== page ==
Dental Emergency Signs

Signs that may mean you’re approaching a dental emergency

Certain signs indicate a dental emergency approaching. The most common dental emergency sign is pain. If you start to experience tooth pain, the best practice is to go straight to the dentist before it becomes even more severe.

Usually, dental emergencies or dental pain occur at night whenever your regular dentist’s office is closed. The first tell-tale sign that points toward an approaching dental emergency is sensitivity or pain. Normally, this may mean you might have pulpitis or inflammation in either the pulp or nerve of a tooth.

Don’t wait to take care of an abscess dental emergency

One major sign you might have a dental emergency is an abscess. What’s an abscess? It resembles a small pimple on your gums. Usually, this pimple will pop throughout the day and grow again.

This is a sign of an infection, and we recommend going straight to your dentist so he or she can prescribe antibiotics.

Face swelling is a major indicator of a serious dental emergency

The second indicator that you might have a dental emergency is swelling. Swelling of the face around the mouth, eyes, or neck is likely a severe dental emergency, which might require a visit to the hospital.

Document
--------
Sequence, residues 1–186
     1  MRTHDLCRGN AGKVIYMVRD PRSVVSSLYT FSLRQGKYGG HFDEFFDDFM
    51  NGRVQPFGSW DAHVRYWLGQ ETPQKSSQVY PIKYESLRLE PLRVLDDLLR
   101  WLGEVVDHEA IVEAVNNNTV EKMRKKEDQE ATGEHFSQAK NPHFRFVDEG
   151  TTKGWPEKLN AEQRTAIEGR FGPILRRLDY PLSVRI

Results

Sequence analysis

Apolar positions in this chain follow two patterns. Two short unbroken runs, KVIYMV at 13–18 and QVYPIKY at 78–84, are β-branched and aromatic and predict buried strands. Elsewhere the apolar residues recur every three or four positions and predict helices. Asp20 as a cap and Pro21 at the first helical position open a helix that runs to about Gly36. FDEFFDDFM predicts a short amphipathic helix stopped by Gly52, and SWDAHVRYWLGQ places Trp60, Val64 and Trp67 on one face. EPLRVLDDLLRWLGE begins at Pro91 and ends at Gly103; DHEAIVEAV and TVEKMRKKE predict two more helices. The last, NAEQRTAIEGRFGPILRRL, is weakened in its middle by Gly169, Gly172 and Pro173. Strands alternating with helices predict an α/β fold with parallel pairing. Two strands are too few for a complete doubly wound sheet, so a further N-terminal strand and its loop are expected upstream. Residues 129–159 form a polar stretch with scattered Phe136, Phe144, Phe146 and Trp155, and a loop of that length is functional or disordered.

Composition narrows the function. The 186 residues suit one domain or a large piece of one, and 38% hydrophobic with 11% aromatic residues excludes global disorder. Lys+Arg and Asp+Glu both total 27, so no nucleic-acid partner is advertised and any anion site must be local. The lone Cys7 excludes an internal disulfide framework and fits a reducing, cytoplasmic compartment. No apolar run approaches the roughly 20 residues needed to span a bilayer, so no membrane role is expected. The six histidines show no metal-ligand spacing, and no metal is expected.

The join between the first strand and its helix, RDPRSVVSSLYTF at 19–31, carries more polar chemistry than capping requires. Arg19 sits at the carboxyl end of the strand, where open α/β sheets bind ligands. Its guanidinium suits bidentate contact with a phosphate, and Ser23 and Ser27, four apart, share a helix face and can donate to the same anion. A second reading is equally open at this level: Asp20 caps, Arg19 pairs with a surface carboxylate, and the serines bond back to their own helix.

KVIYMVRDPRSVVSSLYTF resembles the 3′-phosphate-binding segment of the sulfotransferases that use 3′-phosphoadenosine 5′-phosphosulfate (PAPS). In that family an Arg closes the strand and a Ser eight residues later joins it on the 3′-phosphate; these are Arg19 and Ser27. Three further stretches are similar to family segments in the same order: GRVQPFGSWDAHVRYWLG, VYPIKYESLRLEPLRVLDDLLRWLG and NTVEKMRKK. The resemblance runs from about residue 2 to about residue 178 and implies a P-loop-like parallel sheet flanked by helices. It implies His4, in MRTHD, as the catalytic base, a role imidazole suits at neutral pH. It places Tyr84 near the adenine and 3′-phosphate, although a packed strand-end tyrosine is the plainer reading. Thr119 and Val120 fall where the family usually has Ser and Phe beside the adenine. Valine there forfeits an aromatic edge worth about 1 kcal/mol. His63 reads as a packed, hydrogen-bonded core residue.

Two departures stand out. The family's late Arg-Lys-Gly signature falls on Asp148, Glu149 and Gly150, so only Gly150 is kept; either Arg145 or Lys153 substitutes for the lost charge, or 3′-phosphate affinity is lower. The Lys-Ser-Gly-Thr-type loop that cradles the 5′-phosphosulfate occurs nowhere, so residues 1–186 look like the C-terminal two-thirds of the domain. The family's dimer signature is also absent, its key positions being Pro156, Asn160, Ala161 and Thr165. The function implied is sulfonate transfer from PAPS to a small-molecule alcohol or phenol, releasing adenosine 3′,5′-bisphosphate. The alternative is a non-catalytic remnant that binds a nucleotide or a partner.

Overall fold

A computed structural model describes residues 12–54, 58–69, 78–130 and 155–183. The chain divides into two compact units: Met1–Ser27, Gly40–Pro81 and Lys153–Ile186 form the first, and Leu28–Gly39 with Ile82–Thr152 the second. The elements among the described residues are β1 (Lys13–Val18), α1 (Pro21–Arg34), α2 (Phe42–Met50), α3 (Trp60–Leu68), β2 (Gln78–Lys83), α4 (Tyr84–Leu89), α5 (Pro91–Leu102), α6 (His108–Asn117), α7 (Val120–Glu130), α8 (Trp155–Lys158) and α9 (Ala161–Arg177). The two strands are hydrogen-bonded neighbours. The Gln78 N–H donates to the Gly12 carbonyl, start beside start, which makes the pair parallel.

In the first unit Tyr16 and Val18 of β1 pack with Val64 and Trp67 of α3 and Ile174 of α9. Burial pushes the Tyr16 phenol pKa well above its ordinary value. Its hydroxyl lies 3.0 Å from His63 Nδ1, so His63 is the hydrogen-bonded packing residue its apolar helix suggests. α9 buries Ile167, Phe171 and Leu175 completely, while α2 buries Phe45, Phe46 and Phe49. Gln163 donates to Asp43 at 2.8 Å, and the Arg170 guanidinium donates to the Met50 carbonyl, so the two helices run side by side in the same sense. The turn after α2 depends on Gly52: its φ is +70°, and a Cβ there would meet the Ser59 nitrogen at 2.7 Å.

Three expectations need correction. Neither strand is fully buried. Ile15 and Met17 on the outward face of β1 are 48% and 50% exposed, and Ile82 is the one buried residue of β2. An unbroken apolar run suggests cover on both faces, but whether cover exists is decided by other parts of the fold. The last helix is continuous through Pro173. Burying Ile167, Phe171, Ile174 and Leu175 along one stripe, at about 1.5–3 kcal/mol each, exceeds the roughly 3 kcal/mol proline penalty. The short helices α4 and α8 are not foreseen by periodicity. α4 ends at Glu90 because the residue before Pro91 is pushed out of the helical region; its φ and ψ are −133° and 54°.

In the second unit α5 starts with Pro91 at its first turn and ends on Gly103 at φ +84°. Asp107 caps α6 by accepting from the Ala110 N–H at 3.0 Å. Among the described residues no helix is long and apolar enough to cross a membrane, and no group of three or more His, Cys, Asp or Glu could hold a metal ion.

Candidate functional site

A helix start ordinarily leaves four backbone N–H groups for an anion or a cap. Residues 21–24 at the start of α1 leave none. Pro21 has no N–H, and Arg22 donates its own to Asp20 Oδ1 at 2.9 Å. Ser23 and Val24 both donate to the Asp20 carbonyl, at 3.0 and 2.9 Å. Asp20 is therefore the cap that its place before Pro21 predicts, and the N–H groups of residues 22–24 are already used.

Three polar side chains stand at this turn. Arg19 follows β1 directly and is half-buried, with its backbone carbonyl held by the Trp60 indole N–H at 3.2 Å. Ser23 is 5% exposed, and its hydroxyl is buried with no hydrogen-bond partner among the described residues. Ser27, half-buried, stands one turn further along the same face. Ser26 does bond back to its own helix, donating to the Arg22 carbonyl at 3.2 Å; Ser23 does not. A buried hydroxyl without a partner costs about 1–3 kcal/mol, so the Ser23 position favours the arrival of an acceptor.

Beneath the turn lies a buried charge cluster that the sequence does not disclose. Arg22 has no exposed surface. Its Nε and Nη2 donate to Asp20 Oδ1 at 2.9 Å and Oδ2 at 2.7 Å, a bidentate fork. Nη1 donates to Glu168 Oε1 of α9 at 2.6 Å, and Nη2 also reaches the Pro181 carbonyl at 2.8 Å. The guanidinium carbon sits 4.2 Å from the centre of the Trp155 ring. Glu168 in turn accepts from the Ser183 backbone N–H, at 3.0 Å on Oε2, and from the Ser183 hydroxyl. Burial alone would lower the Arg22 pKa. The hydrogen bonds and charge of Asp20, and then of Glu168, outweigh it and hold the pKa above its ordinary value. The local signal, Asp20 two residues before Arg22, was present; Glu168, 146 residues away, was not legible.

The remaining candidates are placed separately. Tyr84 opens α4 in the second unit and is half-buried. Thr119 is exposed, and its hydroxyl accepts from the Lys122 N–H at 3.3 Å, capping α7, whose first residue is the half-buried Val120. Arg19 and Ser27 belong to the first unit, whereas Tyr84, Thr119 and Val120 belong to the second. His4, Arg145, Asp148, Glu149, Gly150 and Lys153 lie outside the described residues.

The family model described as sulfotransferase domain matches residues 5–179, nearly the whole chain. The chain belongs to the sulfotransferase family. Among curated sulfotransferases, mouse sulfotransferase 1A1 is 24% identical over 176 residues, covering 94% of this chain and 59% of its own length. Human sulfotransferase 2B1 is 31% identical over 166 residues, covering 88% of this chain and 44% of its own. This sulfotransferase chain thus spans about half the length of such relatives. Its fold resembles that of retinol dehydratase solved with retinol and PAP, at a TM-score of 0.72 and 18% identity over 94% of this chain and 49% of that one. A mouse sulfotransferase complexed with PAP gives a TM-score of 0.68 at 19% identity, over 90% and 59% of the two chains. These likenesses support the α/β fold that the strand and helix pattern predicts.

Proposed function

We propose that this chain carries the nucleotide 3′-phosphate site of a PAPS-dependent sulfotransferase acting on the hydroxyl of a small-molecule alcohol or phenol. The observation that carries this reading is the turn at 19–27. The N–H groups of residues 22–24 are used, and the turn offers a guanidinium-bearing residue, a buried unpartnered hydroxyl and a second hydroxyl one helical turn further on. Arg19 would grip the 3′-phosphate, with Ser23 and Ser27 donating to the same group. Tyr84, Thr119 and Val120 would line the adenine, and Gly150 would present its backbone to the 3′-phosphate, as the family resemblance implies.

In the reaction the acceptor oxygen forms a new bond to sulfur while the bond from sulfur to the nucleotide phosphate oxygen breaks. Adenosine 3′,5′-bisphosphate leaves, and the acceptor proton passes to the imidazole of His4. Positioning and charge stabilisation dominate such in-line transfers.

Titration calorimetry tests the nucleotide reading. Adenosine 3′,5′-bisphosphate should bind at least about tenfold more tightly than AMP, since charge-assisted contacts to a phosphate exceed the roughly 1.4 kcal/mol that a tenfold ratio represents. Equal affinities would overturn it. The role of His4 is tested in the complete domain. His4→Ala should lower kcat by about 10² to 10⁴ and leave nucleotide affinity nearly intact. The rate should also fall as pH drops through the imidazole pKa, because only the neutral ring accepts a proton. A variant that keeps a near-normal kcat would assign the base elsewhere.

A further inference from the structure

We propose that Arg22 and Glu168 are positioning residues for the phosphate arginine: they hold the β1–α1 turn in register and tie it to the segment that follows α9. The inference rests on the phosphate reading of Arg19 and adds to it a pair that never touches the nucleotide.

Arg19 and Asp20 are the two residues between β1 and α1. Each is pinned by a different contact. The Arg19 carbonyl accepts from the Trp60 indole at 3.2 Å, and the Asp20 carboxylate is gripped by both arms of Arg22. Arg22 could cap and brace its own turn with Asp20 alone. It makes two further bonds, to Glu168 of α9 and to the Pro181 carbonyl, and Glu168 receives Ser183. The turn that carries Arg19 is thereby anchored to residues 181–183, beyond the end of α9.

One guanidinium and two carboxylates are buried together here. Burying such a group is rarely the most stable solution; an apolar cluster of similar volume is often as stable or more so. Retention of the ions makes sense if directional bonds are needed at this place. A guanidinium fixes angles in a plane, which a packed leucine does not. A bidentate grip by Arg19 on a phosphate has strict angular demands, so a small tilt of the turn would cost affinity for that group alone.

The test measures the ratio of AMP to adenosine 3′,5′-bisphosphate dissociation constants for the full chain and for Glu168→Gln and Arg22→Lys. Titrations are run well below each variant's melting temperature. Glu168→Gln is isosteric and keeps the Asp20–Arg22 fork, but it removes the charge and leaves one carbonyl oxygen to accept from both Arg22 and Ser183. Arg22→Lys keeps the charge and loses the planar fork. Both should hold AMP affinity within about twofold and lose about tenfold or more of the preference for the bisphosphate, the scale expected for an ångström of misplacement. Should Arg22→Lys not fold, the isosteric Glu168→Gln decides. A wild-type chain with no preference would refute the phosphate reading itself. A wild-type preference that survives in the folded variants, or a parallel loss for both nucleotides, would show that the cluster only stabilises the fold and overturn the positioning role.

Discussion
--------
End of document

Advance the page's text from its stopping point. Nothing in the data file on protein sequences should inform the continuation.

Signs of swelling include redness, tenderness around your neck, throat, eyes, and under your tongue. These are all indicators of a serious dental emergency that could actually be fatal.

Exposure to bacteria in your roots can be caused by a cracked tooth

The third indicator of a dental emergency is a tooth that has been cracked. Possibly exposing the pulp of the tooth, a cracked tooth can cause severe pain.

If the tooth is cracked vertically through the roots, biting down may be painful enough to prevent eating or sleeping. The solution for a cracked tooth would be an extraction or a crown.

Past trauma can lead to dental risks in the future

Lastly, the fourth sign you may be nearing a dental emergency is trauma. Car accidents, falling on your face, or being struck in the face are examples of trauma that may result in dental emergencies.

If a tooth has fallen out or been avulsed (torn away), it is crucial that you go to the dentist as soon as possible to be able to set the tooth back into your mouth or stabilize missing or loose teeth.

2100 Ross Ave Suite 960
Dallas, TX 75201
(214) 999-0110

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